As of early 2015, nettime-l had approximately 4500 subscribers. For several years, the list has grown by roughly one new subscriber per day.


Additional Nettime meetings were held during events like HackIt, (Amsterdam) the Chaos Computer Congress (Berlin), ISEA, the Ars Electronica Festival (Linz), The MetaForum Conferences (95-96) in Budapest. Nettime's one unique event was the Nettime May Conference - Beauty and the East,[12] organized by Ljudmila (Ljubljana). The Hybrid Workspace[13] drew heavily from Nettime during the Documenta X in Kassel.


Proceedings of the mailing list were periodically collected in print form, with limited editions of xerox copies and in connection with a related conference or event. In 1999, nettime contributions were anthologized in a book form published by Autonomedia.


  1. ^ Rüst, Annina. "the nettimeline_" (n.d.)
  2. ^ "<nettime> Panic Content - The ZKP 3 Introduction Draft (october 1996)". 
  3. ^ "<nettime> RFC: nettime nominated for Golden Nica". 
  4. ^ Klaver, Marie-José (1998). "Together on a List".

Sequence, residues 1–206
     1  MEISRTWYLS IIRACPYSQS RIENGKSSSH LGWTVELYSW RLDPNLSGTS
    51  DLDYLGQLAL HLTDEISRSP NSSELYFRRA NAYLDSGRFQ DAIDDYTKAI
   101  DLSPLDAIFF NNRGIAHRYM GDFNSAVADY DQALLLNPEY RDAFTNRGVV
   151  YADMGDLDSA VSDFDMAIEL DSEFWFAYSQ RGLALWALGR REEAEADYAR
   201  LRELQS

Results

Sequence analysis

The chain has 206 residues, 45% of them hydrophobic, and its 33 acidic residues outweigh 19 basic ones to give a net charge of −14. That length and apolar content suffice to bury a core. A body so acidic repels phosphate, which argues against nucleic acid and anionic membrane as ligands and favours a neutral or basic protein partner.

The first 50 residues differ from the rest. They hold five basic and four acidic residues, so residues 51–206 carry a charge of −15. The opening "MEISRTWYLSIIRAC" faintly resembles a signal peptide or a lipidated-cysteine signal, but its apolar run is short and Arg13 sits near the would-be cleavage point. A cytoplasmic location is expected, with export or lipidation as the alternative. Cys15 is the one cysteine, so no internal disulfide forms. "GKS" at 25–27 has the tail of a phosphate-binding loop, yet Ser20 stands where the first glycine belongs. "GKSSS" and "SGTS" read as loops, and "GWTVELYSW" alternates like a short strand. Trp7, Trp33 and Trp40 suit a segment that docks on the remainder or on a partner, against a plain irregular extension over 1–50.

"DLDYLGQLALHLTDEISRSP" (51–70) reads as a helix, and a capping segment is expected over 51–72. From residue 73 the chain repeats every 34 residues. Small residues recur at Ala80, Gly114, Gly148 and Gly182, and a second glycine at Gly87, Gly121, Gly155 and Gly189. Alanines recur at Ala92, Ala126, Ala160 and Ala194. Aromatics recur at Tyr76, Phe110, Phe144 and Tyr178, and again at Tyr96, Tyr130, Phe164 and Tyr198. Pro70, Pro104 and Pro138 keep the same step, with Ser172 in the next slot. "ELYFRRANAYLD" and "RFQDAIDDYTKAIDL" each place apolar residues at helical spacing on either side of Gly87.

5. ^ Crandall, Jordan (n.d.). "About X Art Foundation and Blast". Retrieved January 11, 2015. 
  6. ^ "Fibreculture". Fibreculture. n.d. Retrieved January 11, 2015. 
  7. ^ "-empyre-: soft-skinned space". n.d. Retrieved January 11, 2015. 
  8. ^ Various (September 26, 2003). "Request to Nettime to be part of DISTRIBUTED CREATIVITY online forum with Eyebeam (discussion thread)". Retrieved January 12, 2015. 
  9. ^ "Nettime". 
  10. ^ nettime's_mod_squad (August 12, 2003). "a proposal: nettime-ann". Retrieved January 14, 2016. 
  11. ^ Lovink, Geert (2002). "The Moderation Question: Nettime and the Boundaries of Mailing List Culture." In Dark Fiber: Tracking Critical Internet Culture. MIT Press. ISBN 978-0-262-62180-9.
  12. ^
  13. ^ "The Hybrid Workspace Archive".